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Left Coast / Right Coast: An outsider’s view of the Pacific Northwest

Mike Gold living the dream in the Pacific Northwest. Photo credit: Frank Hammer.
Mike Gold living the dream in the Pacific Northwest. Photo credit: Frank Hammer.

By Mike Gold, a retired entrepreneur "living the dream in the Pacific Northwest."

I am a relatively recent transplant to the West Coast. I have lived (born and raised) in the Northeastern US. So these observations are based upon “living the dream” in the Pacific Northwest.

The majority of East Coast residents, especially those who haven’t travelled much beyond where they were raised, don’t know that there is much of anything beyond Chicago (and that’s giving them some credit). After all, Northwestern University in Chicago, founded in the 19th century, was at that time the far-reaching “western terminus of the U.S.,” hence its name.

So what? Well, for starters, people like me when they arrive here are quite surprised at what is here. For example, the University of Washington is in the top five U.S. universities in receiving federal funding for research. It is internationally renown for work in the medical field. Some of the leading edge medical research in cancer detection and treatment and the related pharmacology is done right here. Who would have thought?

The greater New England area is considered to be a key incubator for high tech startups. Many are MIT and/or Harvard spinoffs. Yeah, we know Silicon Valley is now equally famous. But many Silicon Valley (and West Coast) companies have Northeastern roots. HP was started by an MIT graduate. Leland Stanford, founder of that “other” famous university (some Harvard types will acknowledge that) was raised in Watervliet, NY, and educated at two New York schools; Clinton Liberal Institute, and (law) at Cazenovia Seminary.

And that “other” guy Gates, is an infamous Harvard dropout. This observer will grant, “It’s a draw.” They have theirs, we have ours.

Flatlanders: I owned a summer home on Lake Winnipesaukee in New Hampshire – at the foot of the White Mountains. We were very proud of Mt. Washington (highest peak in the east at about 6,000 ft.) When comparing it to the Pacific Northwest, it doesn’t really register. Many peaks over 10,000 feet, snow-covered year round.

There is Tuckerman’s Ravine on top of Mt. Washington. You can hike up (three hours each way) to the ravine and ski into July. At least in the Pacific Northwest, you don’t have to hike three hours to take a run.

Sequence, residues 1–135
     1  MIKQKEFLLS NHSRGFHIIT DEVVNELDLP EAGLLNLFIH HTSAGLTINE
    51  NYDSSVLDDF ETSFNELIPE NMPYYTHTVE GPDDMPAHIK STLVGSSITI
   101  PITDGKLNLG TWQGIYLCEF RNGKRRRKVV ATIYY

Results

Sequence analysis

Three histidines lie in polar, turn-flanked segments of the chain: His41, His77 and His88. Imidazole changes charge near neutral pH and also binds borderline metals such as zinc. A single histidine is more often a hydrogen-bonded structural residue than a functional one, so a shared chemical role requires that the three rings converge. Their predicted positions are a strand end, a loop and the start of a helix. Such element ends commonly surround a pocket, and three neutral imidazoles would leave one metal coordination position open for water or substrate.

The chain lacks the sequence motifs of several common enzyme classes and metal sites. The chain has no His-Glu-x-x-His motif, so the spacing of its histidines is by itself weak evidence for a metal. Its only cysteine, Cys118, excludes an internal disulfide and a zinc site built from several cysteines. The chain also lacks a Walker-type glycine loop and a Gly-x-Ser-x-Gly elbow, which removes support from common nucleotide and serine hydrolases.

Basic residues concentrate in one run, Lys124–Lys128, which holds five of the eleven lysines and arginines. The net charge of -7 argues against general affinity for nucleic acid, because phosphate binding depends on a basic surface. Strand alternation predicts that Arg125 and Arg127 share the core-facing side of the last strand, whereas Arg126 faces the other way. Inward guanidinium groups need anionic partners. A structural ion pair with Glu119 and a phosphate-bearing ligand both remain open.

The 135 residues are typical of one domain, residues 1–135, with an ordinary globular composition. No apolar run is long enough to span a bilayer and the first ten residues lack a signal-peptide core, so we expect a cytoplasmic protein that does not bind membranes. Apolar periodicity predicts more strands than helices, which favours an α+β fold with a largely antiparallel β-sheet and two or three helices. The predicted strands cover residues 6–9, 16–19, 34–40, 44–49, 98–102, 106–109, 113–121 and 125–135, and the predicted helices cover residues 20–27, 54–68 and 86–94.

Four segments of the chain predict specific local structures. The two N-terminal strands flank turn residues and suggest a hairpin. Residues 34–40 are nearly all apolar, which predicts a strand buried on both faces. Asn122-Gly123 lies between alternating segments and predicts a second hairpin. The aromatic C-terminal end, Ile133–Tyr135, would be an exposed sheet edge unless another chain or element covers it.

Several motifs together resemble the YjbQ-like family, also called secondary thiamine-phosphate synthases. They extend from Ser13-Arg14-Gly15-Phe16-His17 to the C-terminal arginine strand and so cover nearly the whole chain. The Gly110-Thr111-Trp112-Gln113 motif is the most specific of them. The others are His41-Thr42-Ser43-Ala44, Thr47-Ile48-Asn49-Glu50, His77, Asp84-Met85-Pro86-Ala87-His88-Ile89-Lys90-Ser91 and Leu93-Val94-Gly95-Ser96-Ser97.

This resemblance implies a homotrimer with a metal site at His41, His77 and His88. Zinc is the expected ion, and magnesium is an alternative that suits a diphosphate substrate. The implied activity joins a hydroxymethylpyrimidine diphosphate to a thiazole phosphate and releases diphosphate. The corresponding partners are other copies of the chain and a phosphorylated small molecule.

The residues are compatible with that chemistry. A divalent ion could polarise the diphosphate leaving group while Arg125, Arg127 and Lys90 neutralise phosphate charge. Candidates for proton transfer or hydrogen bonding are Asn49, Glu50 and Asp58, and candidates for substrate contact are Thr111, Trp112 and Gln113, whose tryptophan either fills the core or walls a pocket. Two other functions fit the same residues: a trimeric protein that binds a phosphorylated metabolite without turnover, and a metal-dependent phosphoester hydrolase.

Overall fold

The Water: Northeasterners have the Atlantic Ocean. We have the Pacific. Frankly, you must give a check mark to the Atlantic. Why? Because you can actually swim in it – without a wet suit. Yeah, sometimes in winter, certain salt-water bays off the New Hampshire and Maine coasts actually freeze. So what, there’s ice racing. The season is over four months long in winter – especially on the frozen lakes in upcountry. You can also drive your car out onto certain frozen lakes in winter – where they have plowed out a road course – allowing you to wind up in a snow bank.

The other fun sport in New England is betting on “ice out.” On Lake Winnipesaukee, there is a stretch of water between one town and a large island in the lake. The winner of the bet is the one who guesses what date and time you can navigate a small boat from shore to shore without hitting ice.

The other related sport is guessing when all the bob houses (the wooden houses ice fisherman sit in to fish in winter - I actually think the sport is mostly about drinking and not fishing, what are you going to do sitting in a frozen ice house for four hours in mid-winter?) will sink as the ice breaks up just before the winner of the “ice out” date wins the annual contest.

Also related to “water” is the Seattle “shuffle.” That’s when you attempt to drive from point A to point B and discover “you can’t get there from here” because there is another in the never-ending bodies of water in the way.

I give credit to the city planners in that the street names are very consistent. It’s just that 35th NW street is broken up into three parts – separated by two bodies of water.

In New England, most older roads were at one time, cow paths. And few cows had a good enough sense of direction to actually walk in a straight line. So the roads “meander” everywhere. Unlike Seattle, roads will turn 90 degrees and still have the same name. Here, the road changes names every time there is a bend. Not sure which is less confusing.

That’s it for this pass. Next time I’ll have something to say about Seahawks and Mariners fans and the famous Snoqualmie Falls.

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